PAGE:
-Pastor Melissa Fain-
Nearly a decade ago I sat in a new church retreat. The language had just changed. Instead of calling them “New Church Starts” we were now going to call them “New Church Plants.”
My heart sank. I do not have a green thumb. Throughout the years, I’ve been part of multiple plants being destroyed.
When I was a kid, we tried to grow watermelons on the chewed up stumps in our front yard. The person we paid to mow our lawn ran over our plants not only once, but twice. Eventually, the third time, when Dad informed my sister and me that the cucumber sized watermelon wasn’t going to get much bigger because fall was coming, we pulled it all up, cut the baby up and tried it. (Baby watermelon does taste like cucumber btw. In case you were curious.)
One year for Mother’s Day, the church I was part of decided to give everyone a planted flower. The moment I had one in my possession, it was almost like the flower knew it’s fate. It weakly drooped. Two weeks later, it was dead.
I remember one year the closing gift for High School camp was a cup of dirt with a sunflower seed in it. I was so excited! Sunflowers are probably my absolute favorite flower. I took it home, and was excited to see a plant break through the dirt. For once I wasn’t killing something! Only, there was no sunflower seed in my cup. They had missed mine, and the dirt they gathered was from directly outside. I was growing a weed.
Then there was two years ago, when I found myself subbing a class for an extended period of time. On the teacher's desk was a very small plant, and in her window was a big ivy. One of the students was tasked with watering the ivy. I took on the small plant. As the weeks progressed, I was pleased to see the small plant showed absolutely no signs of dying. It was on my last day I realized why. The plant was fake. I was watering a fake plant.
I hate the language of plants.
I hate comparing church starts to plants. The top reason is my absolutely black thumb. If the stories above don’t convince you, those are just the easiest ones to tell. I’ve also failed helping my daughter grow plants. Those stories either end in the plant shriveling up and dying, or a chipmunk eating it up. It has left me, someone with a new church plant, feeling completely demoralized. Every time another one bites the dust, I say the same prayer to God: “Well God, there you go. I killed another one. Why am I called to be a church planter again? You sure about this?”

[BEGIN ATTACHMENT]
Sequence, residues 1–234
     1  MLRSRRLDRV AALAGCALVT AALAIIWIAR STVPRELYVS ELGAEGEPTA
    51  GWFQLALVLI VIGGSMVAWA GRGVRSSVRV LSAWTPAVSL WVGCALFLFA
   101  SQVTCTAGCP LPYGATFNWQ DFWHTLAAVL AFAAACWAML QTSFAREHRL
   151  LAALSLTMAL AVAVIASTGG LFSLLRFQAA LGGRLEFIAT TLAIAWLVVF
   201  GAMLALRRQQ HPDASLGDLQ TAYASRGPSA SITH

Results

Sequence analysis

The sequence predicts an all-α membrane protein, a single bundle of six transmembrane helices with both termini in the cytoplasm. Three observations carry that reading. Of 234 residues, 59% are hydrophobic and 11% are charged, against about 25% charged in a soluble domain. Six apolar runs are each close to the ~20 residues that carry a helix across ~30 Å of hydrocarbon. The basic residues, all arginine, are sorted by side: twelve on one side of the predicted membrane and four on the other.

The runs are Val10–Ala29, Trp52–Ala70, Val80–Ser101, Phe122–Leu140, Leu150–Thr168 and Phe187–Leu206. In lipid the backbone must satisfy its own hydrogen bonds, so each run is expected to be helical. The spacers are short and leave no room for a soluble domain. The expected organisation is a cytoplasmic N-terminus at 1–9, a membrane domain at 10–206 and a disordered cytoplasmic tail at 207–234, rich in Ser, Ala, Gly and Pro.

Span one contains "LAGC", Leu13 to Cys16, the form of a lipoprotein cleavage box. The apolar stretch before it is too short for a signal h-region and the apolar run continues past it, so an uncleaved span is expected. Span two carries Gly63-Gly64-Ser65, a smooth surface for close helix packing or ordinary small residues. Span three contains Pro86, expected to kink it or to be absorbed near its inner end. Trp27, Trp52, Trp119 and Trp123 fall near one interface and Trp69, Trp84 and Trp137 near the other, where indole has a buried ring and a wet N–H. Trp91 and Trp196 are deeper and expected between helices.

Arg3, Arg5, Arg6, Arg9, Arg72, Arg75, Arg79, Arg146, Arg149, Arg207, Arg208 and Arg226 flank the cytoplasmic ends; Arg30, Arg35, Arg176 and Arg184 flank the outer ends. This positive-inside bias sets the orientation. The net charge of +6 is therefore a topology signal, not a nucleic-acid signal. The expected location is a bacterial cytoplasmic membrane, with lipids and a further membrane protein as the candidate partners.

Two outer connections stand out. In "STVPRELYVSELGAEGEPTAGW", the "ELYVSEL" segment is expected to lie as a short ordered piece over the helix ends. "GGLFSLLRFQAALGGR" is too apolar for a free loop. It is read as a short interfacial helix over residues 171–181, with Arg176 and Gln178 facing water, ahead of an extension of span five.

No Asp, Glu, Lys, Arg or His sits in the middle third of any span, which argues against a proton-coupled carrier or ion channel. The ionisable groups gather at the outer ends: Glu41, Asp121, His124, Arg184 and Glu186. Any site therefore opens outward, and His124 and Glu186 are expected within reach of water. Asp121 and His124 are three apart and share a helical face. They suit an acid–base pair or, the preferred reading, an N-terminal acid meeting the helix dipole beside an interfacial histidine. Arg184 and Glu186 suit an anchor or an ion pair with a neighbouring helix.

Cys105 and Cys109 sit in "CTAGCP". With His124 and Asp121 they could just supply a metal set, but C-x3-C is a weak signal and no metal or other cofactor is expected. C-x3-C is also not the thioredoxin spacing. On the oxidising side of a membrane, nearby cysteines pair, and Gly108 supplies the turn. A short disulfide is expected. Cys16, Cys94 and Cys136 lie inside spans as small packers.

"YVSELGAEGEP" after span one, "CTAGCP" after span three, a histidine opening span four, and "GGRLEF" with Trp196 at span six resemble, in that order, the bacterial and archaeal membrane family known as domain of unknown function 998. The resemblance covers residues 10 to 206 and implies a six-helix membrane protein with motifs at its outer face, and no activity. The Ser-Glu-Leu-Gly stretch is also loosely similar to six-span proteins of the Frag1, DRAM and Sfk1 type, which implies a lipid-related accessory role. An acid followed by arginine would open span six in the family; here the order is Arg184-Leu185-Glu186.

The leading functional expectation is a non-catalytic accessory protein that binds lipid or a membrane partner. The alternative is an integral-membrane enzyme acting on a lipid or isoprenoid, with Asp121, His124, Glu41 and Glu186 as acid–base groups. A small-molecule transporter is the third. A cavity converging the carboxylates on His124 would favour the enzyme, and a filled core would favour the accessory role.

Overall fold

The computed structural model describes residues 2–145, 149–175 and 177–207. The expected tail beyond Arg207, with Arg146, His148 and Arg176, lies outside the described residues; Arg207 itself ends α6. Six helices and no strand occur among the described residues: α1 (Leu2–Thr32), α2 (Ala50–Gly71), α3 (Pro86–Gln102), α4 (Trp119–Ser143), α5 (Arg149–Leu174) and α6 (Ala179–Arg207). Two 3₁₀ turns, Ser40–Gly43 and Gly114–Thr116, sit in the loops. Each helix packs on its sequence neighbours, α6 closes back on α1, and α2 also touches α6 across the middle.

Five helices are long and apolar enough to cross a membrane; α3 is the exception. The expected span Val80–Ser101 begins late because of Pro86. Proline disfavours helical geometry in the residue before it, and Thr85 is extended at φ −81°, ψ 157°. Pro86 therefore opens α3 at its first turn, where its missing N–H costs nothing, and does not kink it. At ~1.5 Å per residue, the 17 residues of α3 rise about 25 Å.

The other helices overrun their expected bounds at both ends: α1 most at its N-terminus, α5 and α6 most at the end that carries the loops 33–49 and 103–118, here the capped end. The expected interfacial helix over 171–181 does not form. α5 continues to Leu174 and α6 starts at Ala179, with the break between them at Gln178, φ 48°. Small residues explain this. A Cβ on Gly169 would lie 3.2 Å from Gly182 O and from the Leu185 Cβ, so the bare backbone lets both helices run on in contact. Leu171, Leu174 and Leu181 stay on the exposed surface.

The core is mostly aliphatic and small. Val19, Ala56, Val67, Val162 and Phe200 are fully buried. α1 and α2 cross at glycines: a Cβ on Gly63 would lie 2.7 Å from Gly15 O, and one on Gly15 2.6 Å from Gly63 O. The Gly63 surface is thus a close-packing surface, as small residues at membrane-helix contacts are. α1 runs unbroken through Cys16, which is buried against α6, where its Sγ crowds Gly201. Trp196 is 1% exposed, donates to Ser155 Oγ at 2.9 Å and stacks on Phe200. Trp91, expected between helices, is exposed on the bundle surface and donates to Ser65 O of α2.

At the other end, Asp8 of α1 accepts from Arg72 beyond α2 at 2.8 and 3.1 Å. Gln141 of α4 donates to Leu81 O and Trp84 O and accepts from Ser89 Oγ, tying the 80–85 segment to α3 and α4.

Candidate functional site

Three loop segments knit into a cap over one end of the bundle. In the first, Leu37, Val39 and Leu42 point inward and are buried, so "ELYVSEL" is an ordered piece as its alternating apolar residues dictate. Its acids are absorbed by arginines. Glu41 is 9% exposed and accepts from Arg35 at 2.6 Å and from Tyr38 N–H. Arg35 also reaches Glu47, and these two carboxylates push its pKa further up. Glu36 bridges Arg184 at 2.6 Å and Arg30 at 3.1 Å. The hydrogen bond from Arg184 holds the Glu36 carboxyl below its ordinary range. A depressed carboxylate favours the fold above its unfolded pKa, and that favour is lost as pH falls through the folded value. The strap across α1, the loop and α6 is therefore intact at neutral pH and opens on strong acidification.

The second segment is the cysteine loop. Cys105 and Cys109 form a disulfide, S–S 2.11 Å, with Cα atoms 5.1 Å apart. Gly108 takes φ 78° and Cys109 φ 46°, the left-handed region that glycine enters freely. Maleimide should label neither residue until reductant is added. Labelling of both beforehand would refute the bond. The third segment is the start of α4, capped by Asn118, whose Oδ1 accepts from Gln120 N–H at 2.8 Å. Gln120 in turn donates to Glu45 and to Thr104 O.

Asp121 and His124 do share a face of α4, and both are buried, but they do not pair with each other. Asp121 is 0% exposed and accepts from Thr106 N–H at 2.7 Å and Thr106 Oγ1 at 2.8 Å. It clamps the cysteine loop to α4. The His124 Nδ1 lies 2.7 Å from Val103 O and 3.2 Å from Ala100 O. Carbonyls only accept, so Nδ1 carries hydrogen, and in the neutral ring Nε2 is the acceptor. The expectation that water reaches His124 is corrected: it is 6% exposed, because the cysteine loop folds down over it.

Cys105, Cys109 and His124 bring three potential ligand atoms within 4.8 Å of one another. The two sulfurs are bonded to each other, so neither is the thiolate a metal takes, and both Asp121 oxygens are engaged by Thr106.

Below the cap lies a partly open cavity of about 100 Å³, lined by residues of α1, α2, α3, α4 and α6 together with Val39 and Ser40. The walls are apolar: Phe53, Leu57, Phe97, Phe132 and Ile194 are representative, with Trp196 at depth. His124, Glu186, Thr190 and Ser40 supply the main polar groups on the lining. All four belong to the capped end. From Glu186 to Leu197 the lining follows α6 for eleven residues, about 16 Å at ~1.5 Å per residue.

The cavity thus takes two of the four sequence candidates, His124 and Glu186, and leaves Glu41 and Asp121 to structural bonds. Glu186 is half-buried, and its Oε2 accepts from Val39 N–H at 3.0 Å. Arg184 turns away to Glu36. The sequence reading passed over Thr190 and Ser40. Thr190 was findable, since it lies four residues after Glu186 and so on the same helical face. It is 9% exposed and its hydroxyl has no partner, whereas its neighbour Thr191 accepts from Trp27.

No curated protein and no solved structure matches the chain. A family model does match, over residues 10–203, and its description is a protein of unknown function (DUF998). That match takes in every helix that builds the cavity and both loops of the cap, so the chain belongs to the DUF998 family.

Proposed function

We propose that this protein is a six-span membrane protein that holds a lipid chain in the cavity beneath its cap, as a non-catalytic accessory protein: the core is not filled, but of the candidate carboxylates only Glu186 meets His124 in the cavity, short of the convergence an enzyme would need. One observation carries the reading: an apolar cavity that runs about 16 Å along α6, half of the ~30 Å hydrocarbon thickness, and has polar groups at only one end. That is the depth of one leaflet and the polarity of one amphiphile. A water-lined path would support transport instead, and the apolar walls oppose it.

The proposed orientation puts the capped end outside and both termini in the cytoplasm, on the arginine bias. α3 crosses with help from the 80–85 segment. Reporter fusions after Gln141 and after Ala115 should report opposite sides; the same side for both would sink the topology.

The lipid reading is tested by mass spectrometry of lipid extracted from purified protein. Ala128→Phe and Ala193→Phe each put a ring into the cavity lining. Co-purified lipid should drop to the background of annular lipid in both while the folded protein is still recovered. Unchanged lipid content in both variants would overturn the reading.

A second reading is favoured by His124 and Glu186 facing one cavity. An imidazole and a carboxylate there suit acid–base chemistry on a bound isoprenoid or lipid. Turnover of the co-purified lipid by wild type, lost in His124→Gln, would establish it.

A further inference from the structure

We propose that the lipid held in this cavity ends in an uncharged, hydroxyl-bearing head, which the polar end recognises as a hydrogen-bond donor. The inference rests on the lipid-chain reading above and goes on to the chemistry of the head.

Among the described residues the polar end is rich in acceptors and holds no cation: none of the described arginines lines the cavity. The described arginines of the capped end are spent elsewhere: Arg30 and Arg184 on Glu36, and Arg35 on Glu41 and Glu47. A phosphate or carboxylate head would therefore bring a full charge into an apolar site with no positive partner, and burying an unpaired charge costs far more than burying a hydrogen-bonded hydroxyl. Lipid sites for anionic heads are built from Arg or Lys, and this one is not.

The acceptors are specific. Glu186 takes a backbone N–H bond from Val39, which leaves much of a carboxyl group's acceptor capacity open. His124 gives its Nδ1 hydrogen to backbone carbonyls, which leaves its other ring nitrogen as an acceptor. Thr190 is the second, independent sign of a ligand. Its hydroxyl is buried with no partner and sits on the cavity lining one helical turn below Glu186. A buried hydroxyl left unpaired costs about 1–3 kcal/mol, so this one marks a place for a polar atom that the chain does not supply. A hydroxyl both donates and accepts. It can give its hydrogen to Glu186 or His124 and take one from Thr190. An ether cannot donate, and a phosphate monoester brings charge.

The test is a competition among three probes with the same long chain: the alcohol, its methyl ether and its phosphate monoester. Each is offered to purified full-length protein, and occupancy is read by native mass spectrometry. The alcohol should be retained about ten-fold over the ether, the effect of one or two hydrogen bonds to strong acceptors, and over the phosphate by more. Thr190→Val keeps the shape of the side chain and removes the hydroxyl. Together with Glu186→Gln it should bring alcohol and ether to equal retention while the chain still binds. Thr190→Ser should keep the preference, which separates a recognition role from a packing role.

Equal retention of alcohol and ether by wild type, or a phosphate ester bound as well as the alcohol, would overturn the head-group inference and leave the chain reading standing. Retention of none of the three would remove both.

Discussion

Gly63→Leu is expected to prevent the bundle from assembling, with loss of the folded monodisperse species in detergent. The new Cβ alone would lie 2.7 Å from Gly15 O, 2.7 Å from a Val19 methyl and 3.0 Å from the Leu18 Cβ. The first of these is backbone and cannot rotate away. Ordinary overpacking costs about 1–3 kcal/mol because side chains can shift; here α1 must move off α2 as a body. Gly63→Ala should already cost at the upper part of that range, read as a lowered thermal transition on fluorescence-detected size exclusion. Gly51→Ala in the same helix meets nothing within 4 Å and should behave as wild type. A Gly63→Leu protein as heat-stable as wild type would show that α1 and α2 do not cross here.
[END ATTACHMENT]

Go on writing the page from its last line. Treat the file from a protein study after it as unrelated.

The other reason I hate the language of plants is because of what it has come to mean.
I’ve written multiple times about “grafting.” Grafting is when you take a sturdy trunk and cut off it’s limbs. You then attach the limbs of a good fruit tree, so you control what the plant produces. It’s been used to produce apples for centuries, but this technique is not limited to apples.
The reason I hate the language of plants is most American church plants are grafted. God plants the seed in someone’s heart. The seed takes root. The plant begins to grow. When the Church feels the plant has grown enough they (oh so lovingly) hack off it’s limbs and replaces it with their limbs. Basically, they use the new Church’s tap into the Spirit, to grow their dying fruit. In the 90’s it was great! We all wanted copy/paste church. In the Aughts it was okay. After all, we found the fruit of modern music, so it was different enough to get by. By the teens it stopped working.
Why did it stop working? Two reasons:
First: the church was/is dying. They had to be more selective about which plants they were going to steal Spirit from. Therefore, not only did they selectively choose which new plants to fertilize, they stopped fertilizing a large group of new plants. When these unfertilized plants begin to shrivel and die it was seen as a sign that they shouldn’t have existed to begin with, instead of the realization that they were never given the chance to thrive. (Fig Tree came with it’s own fertilizer, which is why it has become the little plant that could.)
Second: The churches that are dying started to grow selfish. “Why are we supporting new plants when there are plenty of older churches that need support?” I think I’ve heard enough Christians say that exact line that I can no longer tell you how many times I’ve heard it. Worse than this, I don’t think they know their own selfishness. The ship is sinking. Of course they want to live, and they are (in their obvious fears) willing to sacrifice the future in order to live now. It completely lacks the trust in God, and what God does with death. (It’s also bad theology that spent generations skipping over the subject of death all together.)
Last School Year I Was Given Plants.
I still can’t wrap my mind around this previous school year. I can’t really talk about it, because unless you were there, you just don’t understand. Let me just say, I am incredibly fortunate to be in a school where I can be completely helpful, and I’m appreciated for that help.
During teacher appreciation week (where us subs in the lowest tier are usually completely dismissed), I was given gifts for everything I did. Part of those gifts were two plants. One a cactus, and the other the beginnings of a rose bush.